The Rock. Gibraltar. 1966.
In a fading colonial house overlooking the Straits of Gibraltar, the dead body of a beautiful woman lays dripping in blood. The steel handle of a knife protrudes from her chest, its sharpened tip buried deep within her heart.
The Rock. Present day.
Detective Sergeant Tamara Sullivan arrives on The Rock on a three-month secondment from the London Metropolitan Police Service. Her reasons for being here are not happy ones and she braces herself for a tedious and wasteful twelve weeks in the sun.
After all, murders are rare on the small, prosperous and sun-kissed sovereignty of Gibraltar and catching murderers is what Sullivan does best.
It is a talent she shares with her new boss, Chief Inspector Gus Broderick of the Royal Gibraltar Police Force. He’s an old-fashioned cop who regards his new colleague with mild disdain.
But when a young police constable is found hanging from the ceiling of his apartment, Sullivan and Broderick begin to unravel a dark and dangerous secret that will test their skills and working relationship to the limit.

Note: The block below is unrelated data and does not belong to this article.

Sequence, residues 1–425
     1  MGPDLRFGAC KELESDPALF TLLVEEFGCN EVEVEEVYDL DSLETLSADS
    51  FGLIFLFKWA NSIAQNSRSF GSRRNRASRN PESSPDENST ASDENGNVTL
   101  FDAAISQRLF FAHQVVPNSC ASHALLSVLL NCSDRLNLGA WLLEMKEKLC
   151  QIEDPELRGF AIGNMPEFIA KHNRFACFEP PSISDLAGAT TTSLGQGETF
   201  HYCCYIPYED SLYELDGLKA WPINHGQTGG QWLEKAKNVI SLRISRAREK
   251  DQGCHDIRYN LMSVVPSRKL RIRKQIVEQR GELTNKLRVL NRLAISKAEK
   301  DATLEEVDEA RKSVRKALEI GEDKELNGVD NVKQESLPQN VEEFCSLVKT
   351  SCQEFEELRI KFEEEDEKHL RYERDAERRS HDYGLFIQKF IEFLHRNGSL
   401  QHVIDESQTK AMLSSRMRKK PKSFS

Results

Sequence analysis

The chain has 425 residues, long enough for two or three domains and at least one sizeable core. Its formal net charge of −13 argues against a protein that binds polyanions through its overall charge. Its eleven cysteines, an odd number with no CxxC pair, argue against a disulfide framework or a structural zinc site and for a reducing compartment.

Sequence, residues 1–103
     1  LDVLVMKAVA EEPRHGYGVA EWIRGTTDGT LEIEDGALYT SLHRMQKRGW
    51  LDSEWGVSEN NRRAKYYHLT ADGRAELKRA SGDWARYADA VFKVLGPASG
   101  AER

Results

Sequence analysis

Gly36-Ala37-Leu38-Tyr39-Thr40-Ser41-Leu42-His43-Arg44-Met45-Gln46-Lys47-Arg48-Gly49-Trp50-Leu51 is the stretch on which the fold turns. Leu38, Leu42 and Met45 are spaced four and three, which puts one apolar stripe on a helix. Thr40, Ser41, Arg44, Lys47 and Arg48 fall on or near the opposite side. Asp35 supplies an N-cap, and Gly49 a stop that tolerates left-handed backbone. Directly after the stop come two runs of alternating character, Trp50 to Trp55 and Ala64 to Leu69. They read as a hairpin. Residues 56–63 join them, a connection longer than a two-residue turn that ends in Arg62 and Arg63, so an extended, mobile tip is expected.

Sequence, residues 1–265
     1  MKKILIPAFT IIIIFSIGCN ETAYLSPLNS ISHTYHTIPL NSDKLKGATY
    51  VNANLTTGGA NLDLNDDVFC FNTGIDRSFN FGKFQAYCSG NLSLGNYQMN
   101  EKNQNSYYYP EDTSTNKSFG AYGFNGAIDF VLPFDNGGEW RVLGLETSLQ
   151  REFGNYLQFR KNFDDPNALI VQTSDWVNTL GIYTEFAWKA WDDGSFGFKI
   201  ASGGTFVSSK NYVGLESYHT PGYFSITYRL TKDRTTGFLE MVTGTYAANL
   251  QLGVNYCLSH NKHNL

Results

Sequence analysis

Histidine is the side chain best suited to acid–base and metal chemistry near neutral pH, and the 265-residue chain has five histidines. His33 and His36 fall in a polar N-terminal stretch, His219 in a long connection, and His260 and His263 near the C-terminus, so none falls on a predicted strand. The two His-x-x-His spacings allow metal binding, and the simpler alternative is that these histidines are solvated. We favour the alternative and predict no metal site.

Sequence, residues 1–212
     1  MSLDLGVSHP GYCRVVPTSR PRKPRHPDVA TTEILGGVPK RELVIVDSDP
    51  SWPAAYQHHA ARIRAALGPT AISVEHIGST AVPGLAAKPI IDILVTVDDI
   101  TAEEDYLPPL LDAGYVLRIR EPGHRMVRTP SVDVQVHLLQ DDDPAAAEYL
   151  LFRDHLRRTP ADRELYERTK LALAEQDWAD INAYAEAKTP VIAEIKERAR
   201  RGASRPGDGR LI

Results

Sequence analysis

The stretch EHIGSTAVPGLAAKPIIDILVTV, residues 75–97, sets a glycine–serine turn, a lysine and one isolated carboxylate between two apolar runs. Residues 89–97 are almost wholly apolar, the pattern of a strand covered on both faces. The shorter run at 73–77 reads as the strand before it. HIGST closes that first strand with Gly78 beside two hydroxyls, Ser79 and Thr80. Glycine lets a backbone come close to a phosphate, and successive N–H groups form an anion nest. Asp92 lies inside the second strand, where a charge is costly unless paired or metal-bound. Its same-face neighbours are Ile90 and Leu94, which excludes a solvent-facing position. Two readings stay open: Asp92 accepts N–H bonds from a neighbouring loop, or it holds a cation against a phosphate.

|THE POISONED ROCK
Hotel Mandrago, Gibraltar Town, November 1942
The couple lay naked on the bed, the young woman’s right arm and leg wrapped around the man’s waist and thigh. Lovers at rest, a perfect post-coital scene.
The flash of a camera bulb made the woman start, her eyes opening wide. The man’s eyes remained closed. From the shadows of the shabbily furnished hotel room, the photographer’s stern voice ordered her to close them again. This she did. She had so little to do and was going to be paid so much that she would do whatever she was told. At first she’d thought the man on the bed was dead. But then she heard him breathing.
As if dressing the room for the camera, the photographer had laid out the man’s uniform along the bottom of the bed. It was an officer’s tunic, Polish from its markings. Not that the young woman cared. She wanted the wretched business over and done with as quickly as possible.
If it was supposed to be a joke, it would be an expensive one. Or was it supposed to be some form of artistic expression? She didn’t care. She wasn’t asking questions and the photographer wasn’t offering any answers. Another camera flash. The job was done.
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